Degree Apprenticeships Resources and Guidance for Business Schools

These resources are intended to illuminate and illustrate best practice for schools seeking to enter or expand degree apprenticeship provision at all levels, as well as providing key information on the procedures and stakeholders that form a core part of the process. The resources and templates below have been kindly provided by a number of business schools that are represented on the Chartered ABS Degree Apprenticeships Working Group.

Degree Apprenticeships are different from traditional degrees and there are additional requirements to meet the Quality Code.

The Quality Assurance Agency has published Quality Assuring Higher Education in Apprenticeships: Current Approaches.

The Apprenticeship Standard is very similar to a Subject Benchmark and outlines what an apprentice must demonstrate in terms of knowledge, skills and behaviour.  It is important to establish whether the standard is in development or approved for delivery. Details can be found on the Institute for Apprenticeships website here.

HEIs should consider how the course design takes account of the Apprenticeship Standard, the Assessment Plan and the End Point Assessment.  See below two examples of mapping documents that show how the modules on a programme meet the knowledge, skills and behaviours of the Degree Apprenticeship standard.

CMDA Portfolio - University of Chester Business School 


Skills Mapping for Level 7 Apprenticeships - UCLan School of Business and Management


The Quality Code emphasises the importance of published information to support the recruitment, selection and admission process of apprentices.  It advises HEIs to publish information about its apprenticeship offer; how the provision is managed, organised and quality assured including the central role of employers in recruitment and selection and how this fits with the admission requirements of the provider (where appropriate, this would include details about Recorded Prior Learning).  It should also state how apprenticeships fit within the HEI’s overall mission, values and strategy and the policies that underpin its work.

Recruitment, Selection and Admission need to be managed collaboratively.  HEIs should note that apprentices are employees recruited by the employer, but will also have to meet the HEI’s minimum entry requirements to join a programme.  Academic staff may want to take part in the interview process for applicants or ensure employers are aware of the entry requirements.  See an overview provided by a HEI that involves a professional body:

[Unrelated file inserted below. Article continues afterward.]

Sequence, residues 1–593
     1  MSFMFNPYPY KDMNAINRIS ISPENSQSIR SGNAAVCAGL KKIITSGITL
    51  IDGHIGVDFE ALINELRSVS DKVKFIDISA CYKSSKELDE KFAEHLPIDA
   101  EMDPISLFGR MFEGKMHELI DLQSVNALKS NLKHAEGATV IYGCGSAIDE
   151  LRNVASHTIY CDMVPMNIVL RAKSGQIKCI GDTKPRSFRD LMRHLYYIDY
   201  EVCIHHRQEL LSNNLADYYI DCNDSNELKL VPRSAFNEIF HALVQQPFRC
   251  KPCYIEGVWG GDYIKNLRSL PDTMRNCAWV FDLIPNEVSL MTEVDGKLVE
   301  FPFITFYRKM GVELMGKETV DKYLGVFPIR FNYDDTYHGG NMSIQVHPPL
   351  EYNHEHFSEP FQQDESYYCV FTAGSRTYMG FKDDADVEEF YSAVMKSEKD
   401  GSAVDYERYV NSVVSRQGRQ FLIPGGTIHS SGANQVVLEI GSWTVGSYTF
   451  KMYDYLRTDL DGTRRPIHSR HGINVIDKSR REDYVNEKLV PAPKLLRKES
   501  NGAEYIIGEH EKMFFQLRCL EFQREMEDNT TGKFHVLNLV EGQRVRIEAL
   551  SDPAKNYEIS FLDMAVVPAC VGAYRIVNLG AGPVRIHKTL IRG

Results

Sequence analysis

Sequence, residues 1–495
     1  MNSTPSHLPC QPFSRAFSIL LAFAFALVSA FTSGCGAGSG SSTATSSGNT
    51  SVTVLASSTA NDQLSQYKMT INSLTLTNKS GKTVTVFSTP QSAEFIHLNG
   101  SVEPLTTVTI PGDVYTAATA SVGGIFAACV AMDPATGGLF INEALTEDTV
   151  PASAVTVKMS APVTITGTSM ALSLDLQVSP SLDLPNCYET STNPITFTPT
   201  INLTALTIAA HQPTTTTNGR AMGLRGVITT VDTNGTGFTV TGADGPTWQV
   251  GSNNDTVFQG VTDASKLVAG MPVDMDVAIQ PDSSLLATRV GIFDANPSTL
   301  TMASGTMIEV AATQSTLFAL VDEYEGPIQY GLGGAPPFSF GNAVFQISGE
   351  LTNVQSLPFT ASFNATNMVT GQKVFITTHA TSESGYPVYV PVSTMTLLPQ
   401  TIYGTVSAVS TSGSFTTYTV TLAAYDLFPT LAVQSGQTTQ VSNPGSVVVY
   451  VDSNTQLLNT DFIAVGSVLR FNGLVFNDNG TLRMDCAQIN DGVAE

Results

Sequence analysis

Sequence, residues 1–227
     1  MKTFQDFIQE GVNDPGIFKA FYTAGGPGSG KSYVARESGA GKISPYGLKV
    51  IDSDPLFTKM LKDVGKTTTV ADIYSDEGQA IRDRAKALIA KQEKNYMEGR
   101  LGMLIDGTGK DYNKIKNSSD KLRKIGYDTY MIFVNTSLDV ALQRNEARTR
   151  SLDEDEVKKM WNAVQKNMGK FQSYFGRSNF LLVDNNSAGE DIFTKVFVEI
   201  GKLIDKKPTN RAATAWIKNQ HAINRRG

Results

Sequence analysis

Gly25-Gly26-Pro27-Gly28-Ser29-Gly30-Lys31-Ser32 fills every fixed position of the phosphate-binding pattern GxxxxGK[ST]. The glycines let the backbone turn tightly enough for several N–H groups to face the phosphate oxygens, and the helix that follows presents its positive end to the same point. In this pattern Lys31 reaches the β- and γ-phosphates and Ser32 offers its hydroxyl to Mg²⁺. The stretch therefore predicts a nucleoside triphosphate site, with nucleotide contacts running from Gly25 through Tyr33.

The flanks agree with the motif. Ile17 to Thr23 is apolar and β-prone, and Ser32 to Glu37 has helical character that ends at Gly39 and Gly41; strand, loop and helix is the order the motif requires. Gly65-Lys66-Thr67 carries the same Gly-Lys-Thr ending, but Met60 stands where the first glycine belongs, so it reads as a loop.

Degree Apprenticeship Framework - Durham University Business School


The Apprenticeship Student Experience is a collaboration between a number of parties: apprentice, employer, the higher education provider and end-point assessor. There is an obligation on universities to manage this collaboration to deliver a high quality apprenticeship experience. The QAA state that the delivery and assessment of Degree Apprenticeships are underpinned by written agreements between the HEI and the employer. Written agreements establish clear expectations about the role(s) that employers will play in supporting apprentice learning. The University Vocational Awards Council has issued an ‘Employer Commitment Statement’ with essential notes incorporated. Chartered ABS members have permission to use the document.

Employer Commitment Statement Template - UVAC


Guidance on Employer Commitment Statement (annotated) - UVAC


HEIs need to consider other mechanisms to manage the collaboration to enable student achievement.  This includes, for example, arrangements for the following:

  • induction
  • training
  • workplace mentoring
  • access to employer resources
  • involvement in End Point Assessment

Furthermore HEIs may want to document arrangements for involving employers in higher education programme evaluation, monitoring support for engaging in off-the-job learning and protocols for addressing issues and enhancing the programme.